Like prized roses in bloom, designers have created special interiors for this year’s Holiday House NYC. Tickets benefit breast cancer research charities.
Of course, we at Flower Power Daily were canvasing the rooms, designed by such talents as Aly Coulter, Elsa Soyars, Bennett Leifer and Barbara Lewis, looking for floral motifs.
Most designers are naturally attracted to some floral motifs even in the most modern of displays. It could be a bunch of calla lilies in a vase but more often it was uniquely clever or inspired fabrics, wallpapers and paintings.
Because it’s approaching Thanksgiving, I could not help but be intrigued and impressed by the dining room created by Elsa Soyars Interiors.
Look at this picture. There are more than 10 examples of fabulous florals everywhere. But before we play this “can you find the flowers” game, let me share some of the sophisticated touches this Lisbon-born designer used that can inspire us all.
Her first masterful touch was hiring Andreea Braescu to create this silver-leaf ceramic chandelier, which draped the ceiling – and thus the room – in illuminating light but also gave it a cocoonlike feeling. It could have been overpowering but because of the lightness of the materials as well as the airiness of the design, it felt like art intertwined with cozy healing powers.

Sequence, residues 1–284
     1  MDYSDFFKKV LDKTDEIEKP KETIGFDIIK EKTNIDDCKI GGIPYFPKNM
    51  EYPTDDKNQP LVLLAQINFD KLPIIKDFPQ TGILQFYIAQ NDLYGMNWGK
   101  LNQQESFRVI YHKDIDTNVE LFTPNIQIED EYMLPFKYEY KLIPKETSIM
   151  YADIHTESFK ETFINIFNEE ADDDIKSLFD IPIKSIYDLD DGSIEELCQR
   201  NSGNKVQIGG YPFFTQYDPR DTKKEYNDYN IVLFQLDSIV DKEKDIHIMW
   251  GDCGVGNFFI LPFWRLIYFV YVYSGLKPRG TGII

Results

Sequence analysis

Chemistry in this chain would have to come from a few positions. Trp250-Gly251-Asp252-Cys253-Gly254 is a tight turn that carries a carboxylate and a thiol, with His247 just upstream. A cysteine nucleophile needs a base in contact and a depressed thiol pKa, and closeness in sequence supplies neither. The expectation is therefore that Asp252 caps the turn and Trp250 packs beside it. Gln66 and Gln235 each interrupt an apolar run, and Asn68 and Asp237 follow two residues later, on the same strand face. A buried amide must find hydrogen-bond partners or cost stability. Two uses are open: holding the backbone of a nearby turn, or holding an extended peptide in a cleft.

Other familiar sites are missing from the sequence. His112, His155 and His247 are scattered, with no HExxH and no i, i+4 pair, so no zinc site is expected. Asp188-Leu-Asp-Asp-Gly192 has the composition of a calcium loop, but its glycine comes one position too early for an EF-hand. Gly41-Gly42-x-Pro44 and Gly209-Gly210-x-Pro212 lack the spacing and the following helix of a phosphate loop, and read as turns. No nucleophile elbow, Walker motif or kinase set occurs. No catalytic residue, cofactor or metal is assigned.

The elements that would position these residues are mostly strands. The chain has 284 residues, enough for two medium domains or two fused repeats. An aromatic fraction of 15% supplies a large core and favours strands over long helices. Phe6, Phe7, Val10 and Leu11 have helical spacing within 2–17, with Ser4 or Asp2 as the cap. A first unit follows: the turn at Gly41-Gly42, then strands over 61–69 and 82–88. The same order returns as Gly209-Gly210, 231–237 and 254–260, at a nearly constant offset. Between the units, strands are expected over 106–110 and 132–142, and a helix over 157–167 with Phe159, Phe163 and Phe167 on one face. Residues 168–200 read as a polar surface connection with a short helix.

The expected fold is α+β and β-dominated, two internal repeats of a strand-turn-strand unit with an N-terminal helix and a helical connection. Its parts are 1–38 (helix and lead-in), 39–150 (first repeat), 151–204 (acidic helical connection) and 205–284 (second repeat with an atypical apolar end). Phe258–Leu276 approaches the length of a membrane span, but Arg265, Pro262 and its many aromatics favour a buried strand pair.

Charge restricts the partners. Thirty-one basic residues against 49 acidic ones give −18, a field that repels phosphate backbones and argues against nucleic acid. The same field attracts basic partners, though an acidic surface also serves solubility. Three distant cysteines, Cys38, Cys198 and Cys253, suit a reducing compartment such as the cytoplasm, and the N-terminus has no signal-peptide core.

For the opening night, I met designer Ashley McDermott. As we talked about what impressed us, we both cited the Braescu chandelier. Other people who checked out the room included TV personality Ramona Singer, entrepreneur Katlean de Monchy, artist J.Hallgrey, TV producer Amy Rosenblum and Fox news anchor Rosanna Scotto.
Most dining rooms are boring, and this chandelier could enhance any table setting, which is rare to achieve. It would also look great in a narrow hallway.
“I love flowers and how they grow,” says Braescu. The motif makes the design welcoming.
Soyars also confidently made other choices worth noting. Notice on the table how the unifying theme appears to be using the same plush napkins. However, if you look closely you will notice that while the silverware, placemats and napkins are all the same, rarely anything else is.
First, she used Vista Alegre tableware in different patterns. Her charger plate is the only thing the same. The eye just dances from one table setting to another. While the napkins remained the same, she used some Baccarat smoky crystal rose napkin rings but also others of the same material but a different design, with a butterfly pattern.
Can we just swoon over the vases? How inventive to use two different shaped floral inspired vases – roses and Gerbera. These are French acquisitions from her personal collection. I would have instinctively put in the same color calla lilies. But Soyars is so confident she mixed orange and pink.
“I brought Paris and fashion into the space with a party feel,” she explained. “Mix and match. Not everything has to be so systematic. It’s called joie de vivre.”
That was also illustrated by her choice of Marc Dennis’s floral painting. Impressionist art, as she says with “fashion forward Pop art” with the bubblegum pink flower.